So I ask, after looking at the photos, does this Magic Box represent what's to come in the future? The Magic Box is cubic and versatile and small. It can go anywhere and be used as anything.
Not sure where The Good Human's Prefab Wednesday went, but they've been off since Jan. 3.
Inhabitat's Prefab Friday discussed a strange "prefab":
Winter shelter in the Arctic can take form in an upside down hunting boat – a traditional Inuit practice. Covey Island Boatworks, award winning builders of hand-crafted yachts, power and sailboats, has brought that idea into dry dock developing a prototype wood and epoxy prefab that applies boatbuilding principles directly to an extreme Arctic home.
Jetson Green showed off the flexibility of shipping containers:
It's hard not to gawk at the images of this building.
(Posted on Monday, but dated Saturday to match the rest of our This Week series.)
From the steamy jungle of Brazzaville in the Republic of Congo to the January drizzle of London's South Bank comes a tropical villa for the people. This weekend sees the construction of an unlikely addition to the capital's skyline: a prototype Modernist house designed in the Fifties by French architect Jean Prouvé.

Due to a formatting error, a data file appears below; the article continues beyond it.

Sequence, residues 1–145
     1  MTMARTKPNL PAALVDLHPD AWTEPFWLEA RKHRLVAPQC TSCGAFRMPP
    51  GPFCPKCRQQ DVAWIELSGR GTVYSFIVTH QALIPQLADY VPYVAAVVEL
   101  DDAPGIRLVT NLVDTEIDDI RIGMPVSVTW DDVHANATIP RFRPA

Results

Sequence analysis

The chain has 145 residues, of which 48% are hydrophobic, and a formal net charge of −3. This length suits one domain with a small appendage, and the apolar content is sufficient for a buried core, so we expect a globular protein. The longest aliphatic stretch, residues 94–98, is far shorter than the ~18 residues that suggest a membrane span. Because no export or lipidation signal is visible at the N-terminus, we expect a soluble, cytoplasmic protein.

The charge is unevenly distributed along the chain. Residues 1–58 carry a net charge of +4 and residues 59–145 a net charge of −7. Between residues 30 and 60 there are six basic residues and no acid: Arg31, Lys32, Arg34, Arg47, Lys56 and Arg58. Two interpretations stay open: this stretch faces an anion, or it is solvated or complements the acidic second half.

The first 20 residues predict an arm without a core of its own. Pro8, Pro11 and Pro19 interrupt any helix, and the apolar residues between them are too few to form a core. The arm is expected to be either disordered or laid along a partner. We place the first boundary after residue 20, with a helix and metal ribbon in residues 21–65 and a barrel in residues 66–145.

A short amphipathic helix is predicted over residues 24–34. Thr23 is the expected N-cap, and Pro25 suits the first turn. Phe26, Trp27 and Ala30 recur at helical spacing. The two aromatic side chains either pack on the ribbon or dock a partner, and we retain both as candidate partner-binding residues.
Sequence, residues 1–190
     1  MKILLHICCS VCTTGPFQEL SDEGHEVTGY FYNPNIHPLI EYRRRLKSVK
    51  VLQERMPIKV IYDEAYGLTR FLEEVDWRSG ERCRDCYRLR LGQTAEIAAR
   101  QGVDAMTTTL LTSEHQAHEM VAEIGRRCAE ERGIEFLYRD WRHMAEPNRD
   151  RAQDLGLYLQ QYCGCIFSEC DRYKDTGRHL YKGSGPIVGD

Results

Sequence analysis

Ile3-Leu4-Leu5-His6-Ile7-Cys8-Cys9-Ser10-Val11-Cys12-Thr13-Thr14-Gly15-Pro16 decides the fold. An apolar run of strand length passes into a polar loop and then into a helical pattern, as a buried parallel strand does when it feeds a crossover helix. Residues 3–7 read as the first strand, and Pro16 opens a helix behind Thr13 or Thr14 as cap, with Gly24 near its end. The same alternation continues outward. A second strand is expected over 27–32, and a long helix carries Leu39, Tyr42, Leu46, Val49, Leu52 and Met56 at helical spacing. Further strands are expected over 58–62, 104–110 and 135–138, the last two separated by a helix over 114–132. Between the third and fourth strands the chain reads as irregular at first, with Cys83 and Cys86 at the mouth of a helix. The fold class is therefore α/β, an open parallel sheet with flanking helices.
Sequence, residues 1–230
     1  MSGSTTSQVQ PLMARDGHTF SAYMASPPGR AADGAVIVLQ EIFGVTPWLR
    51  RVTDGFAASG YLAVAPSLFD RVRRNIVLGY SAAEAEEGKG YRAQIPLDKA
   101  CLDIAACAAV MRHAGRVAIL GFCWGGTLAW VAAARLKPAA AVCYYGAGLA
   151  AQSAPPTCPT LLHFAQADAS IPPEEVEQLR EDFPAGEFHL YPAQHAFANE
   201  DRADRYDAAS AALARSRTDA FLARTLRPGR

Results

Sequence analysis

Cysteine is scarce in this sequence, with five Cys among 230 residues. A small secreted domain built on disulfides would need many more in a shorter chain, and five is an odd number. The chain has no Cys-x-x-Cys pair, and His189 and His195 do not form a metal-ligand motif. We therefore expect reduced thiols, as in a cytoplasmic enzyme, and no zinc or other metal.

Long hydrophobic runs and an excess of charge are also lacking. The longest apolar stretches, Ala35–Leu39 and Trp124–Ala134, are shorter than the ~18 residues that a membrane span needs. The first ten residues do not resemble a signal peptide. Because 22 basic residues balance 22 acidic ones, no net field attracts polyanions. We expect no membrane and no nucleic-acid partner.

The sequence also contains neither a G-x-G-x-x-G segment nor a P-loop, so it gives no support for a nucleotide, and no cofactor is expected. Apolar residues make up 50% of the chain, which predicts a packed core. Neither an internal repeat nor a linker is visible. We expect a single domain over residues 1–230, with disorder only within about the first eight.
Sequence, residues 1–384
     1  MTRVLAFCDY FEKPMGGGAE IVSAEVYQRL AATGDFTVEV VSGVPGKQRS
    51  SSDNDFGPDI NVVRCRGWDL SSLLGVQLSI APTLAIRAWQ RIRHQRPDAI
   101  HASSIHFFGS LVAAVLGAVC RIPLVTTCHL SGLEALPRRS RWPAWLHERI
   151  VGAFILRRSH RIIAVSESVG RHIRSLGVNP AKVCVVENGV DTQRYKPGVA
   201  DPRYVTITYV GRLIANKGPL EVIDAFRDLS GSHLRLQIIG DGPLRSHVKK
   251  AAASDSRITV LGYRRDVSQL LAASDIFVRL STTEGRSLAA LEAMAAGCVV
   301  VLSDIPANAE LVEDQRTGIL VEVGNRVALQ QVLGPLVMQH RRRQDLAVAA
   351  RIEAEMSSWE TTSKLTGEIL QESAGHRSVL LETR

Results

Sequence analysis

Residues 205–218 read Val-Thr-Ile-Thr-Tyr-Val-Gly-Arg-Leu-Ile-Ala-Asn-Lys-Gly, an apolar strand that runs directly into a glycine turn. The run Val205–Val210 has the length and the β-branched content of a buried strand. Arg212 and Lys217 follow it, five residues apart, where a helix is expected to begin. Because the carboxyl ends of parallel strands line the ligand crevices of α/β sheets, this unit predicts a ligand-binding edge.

The historic colonial building, a kind of flatpack pioneer, has been brought to Britain for the first time by the Design Museum in partnership with Tate Modern. Today the gallery is halfway through reassembling La Maison Tropicale.... The Tate hopes the new house will be visited by as many as two million people.
The System3 home merges the idea of "units" with that of "elements":